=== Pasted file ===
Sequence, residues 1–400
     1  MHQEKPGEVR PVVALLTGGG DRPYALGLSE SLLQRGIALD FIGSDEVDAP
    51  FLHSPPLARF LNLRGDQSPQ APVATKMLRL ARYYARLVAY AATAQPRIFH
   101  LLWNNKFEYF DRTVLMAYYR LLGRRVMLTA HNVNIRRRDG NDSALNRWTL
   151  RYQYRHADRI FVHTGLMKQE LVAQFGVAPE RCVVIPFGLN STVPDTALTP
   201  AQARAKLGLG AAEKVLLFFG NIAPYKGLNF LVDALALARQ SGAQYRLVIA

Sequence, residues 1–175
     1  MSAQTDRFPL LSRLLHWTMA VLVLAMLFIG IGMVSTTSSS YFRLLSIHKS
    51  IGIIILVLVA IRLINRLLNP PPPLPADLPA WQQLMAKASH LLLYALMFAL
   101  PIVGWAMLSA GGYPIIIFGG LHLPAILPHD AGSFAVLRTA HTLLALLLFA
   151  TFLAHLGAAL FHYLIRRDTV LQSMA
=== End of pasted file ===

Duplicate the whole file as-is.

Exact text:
Sequence, residues 1–400
     1  MHQEKPGEVR PVVALLTGGG DRPYALGLSE SLLQRGIALD FIGSDEVDAP
    51  FLHSPPLARF LNLRGDQSPQ APVATKMLRL ARYYARLVAY AATAQPRIFH
   101  LLWNNKFEYF DRTVLMAYYR LLGRRVMLTA HNVNIRRRDG NDSALNRWTL
   151  RYQYRHADRI FVHTGLMKQE LVAQFGVAPE RCVVIPFGLN STVPDTALTP
   201  AQARAKLGLG AAEKVLLFFG NIAPYKGLNF LVDALALARQ SGAQYRLVIA

Sequence, residues 1–175
     1  MSAQTDRFPL LSRLLHWTMA VLVLAMLFIG IGMVSTTSSS YFRLLSIHKS
    51  IGIIILVLVA IRLINRLLNP PPPLPADLPA WQQLMAKASH LLLYALMFAL
   101  PIVGWAMLSA GGYPIIIFGG LHLPAILPHD AGSFAVLRTA HTLLALLLFA
   151  TFLAHLGAAL FHYLIRRDTV LQSMA